Clavin Releases Video on How to Grieve Assessments to Help Homeowners
“Beat the Clock”
After Nassau extended its deadline for the filing of Property Tax Challenges to April 2nd, residents have been scrambling to “beat the clock” and get their property tax assessment challenges filed with the county. In an effort to assist homeowners, many who have expressed a desire for greater clarity on the assessment process, including property tax challenges, Hempstead Town Receiver of Taxes Don Clavin has produced a “how-to” video that takes residents through a step-by-step tutorial on grieving assessments. Clavin emphasized that homeowners should take advantage of the extra time provided for challenging their assessment, urging neighbors to view his video and file their grievances immediately. The original property tax deadline had been March 1st, prior to the county granting the filing extension to April 2nd. Clavin was joined by his colleagues in government Councilwoman Erin King Sweeney and Councilman Dennis Dunne, Sr.
“I am happy that the Nassau County Executive has granted an extension of the deadline in which to challenge property tax assessments,” stated Clavin. “I encourage homeowners to take advantage of the extended deadline, visit our town’s website to view my instructional video and file your property tax grievance before April 2nd.”
The Receiver called the extended deadline “very important” in light of feedback that he has been receiving from the public at the over 30 taxpayer forums that he has hosted. Clavin observed that there has been widespread confusion over the property tax challenge deadline on the part of property owners who have attended the seminars. Further, homeowners have questions about the county’s assessment system, the grievance process, options and strategies with regard to pursuing assessment challenges in successive years, as well as the County Executive’s proposed assessment updates.
“Throughout my series of taxpayer seminars, it has become increasingly clear that widespread confusion exists about Nassau’s Assessment System, the county’s plan to update assessments, the extended deadline for challenging property taxes, as well as options and strategies of which homeowners should be aware,” said Clavin. “I have used the taxpayer forums to answer as many questions as possible on the issue of assessments, and the posting of this new “how-to” video on challenging assessments will help walk people through the tax grievance process. Among other things, the video will help resolve questions neighbors may have regarding how to go about challenging their assessments.”
Residents who would like to view the video guide to challenging assessments can visit the town’s website at toh.li/challenge-and-lower-your-taxes. The video can also be viewed on the Receiver of Taxes' YouTube channel . Clavin encourages homeowners to call his office at 538-1500 and the Nassau County Department of Assessment at 571-1500 with questions regarding assessment challenges.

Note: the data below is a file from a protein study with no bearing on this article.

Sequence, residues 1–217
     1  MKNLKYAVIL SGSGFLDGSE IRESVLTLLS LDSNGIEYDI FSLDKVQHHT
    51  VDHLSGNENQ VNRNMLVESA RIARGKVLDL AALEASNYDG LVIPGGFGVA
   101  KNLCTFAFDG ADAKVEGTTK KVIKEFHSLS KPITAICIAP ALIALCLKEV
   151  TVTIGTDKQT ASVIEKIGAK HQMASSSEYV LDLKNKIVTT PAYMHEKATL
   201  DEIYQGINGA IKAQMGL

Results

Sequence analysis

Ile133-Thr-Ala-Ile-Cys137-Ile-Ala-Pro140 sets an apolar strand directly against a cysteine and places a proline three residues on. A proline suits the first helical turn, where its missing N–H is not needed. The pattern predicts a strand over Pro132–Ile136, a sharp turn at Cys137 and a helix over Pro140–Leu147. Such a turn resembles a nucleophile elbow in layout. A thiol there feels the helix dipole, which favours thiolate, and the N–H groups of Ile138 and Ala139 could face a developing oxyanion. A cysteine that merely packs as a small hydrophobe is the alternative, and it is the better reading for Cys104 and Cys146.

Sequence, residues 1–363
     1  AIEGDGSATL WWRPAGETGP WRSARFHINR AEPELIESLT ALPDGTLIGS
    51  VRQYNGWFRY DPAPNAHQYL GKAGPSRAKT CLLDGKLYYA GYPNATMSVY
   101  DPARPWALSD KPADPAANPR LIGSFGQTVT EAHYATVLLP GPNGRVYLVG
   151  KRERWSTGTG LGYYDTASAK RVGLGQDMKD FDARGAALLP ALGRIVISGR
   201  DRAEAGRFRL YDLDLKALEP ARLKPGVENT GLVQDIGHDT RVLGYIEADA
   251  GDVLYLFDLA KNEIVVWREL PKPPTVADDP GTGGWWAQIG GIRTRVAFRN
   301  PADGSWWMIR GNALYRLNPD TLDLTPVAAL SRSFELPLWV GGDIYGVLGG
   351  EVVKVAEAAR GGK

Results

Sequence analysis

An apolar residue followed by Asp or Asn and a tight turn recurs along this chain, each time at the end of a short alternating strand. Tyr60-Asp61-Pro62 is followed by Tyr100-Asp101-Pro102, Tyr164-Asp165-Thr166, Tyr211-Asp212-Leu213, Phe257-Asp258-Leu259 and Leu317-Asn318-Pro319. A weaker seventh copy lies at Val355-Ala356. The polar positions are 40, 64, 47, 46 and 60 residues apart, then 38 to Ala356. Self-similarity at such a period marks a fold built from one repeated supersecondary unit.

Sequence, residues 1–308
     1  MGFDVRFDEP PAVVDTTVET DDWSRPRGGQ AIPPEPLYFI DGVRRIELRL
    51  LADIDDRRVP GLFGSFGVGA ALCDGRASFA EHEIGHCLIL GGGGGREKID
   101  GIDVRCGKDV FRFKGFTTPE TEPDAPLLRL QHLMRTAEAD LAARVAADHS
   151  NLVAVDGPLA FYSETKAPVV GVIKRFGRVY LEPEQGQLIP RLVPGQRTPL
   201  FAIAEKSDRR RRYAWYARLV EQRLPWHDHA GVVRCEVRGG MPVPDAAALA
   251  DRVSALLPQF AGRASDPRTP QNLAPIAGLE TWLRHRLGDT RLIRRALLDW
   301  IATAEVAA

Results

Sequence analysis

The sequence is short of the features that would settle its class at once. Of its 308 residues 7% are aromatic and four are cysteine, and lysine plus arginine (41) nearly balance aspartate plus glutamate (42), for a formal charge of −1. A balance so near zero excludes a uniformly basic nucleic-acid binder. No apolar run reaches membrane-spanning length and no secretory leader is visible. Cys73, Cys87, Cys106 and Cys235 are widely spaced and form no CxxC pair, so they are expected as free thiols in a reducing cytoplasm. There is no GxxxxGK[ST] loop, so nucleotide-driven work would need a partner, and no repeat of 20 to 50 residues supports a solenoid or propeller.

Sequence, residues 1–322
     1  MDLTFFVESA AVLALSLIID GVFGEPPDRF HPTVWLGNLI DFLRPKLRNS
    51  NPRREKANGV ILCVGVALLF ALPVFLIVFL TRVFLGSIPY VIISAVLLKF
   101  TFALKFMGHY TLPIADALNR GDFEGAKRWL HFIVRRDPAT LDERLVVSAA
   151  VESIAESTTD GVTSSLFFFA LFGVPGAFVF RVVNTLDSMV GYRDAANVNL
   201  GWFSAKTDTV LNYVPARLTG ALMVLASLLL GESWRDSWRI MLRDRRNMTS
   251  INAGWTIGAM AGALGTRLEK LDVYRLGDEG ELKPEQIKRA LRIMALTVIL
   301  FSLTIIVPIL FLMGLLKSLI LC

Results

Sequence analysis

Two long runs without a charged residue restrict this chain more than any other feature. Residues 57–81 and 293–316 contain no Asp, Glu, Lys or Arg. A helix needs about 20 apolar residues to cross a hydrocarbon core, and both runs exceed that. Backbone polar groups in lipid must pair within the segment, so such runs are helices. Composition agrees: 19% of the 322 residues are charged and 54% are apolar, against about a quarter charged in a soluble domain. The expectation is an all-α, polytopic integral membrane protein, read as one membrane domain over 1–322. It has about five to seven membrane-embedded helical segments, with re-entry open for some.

“Homeowners have a ‘golden opportunity’ to challenge their assessment as a result of the extended deadline, and I encourage neighbors to follow the video guide to grieving property taxes now,” commented Sweeney. Dunne agreed with his fellow councilmember remarking, “This how-to video guide is clear and easy to follow; I commend the Receiver for helping homeowners challenge their assessment.”
Clavin is continuing to host taxpayer seminars, as residents are still unaware of the deadline extension for filing a property tax challenge. What’s more, the Receiver observed that many homeowners were unclear over the county’s planned assessment update initiative and its prospective impact on property tax grievances. On the heels of a major news report that pointed out substantial property tax assessment inequities among similar homes in the same neighborhoods, Clavin indicated that neighbors need more information on assessment grievance options and strategies to ensure the greatest benefit. In specific, those who challenge assessments annually have, as a group, benefitted from lower assessments and taxes than neighbors who have not challenged their assessments or only challenged every few years, as opposed to annually. Finally, the Receiver also noted that many property owners are surprised to learn that assessment challenges do not require the services of a professional grievance firm.
“The combination of holding more taxpayer forums and releasing the video on challenging assessments constitute a strong effort to help homeowners deal with a very complex issue that is in a state of flux,” said Clavin. “Nassau County’s assessment system is broken, but Hempstead Town is continuing to help neighbors to challenge their assessments and lower their taxes.”
For a full listing of Clavin’s upcoming taxpayer forums, visit the Receiver’s page on Hempstead Town’s website toh.li/taxpayer-forums.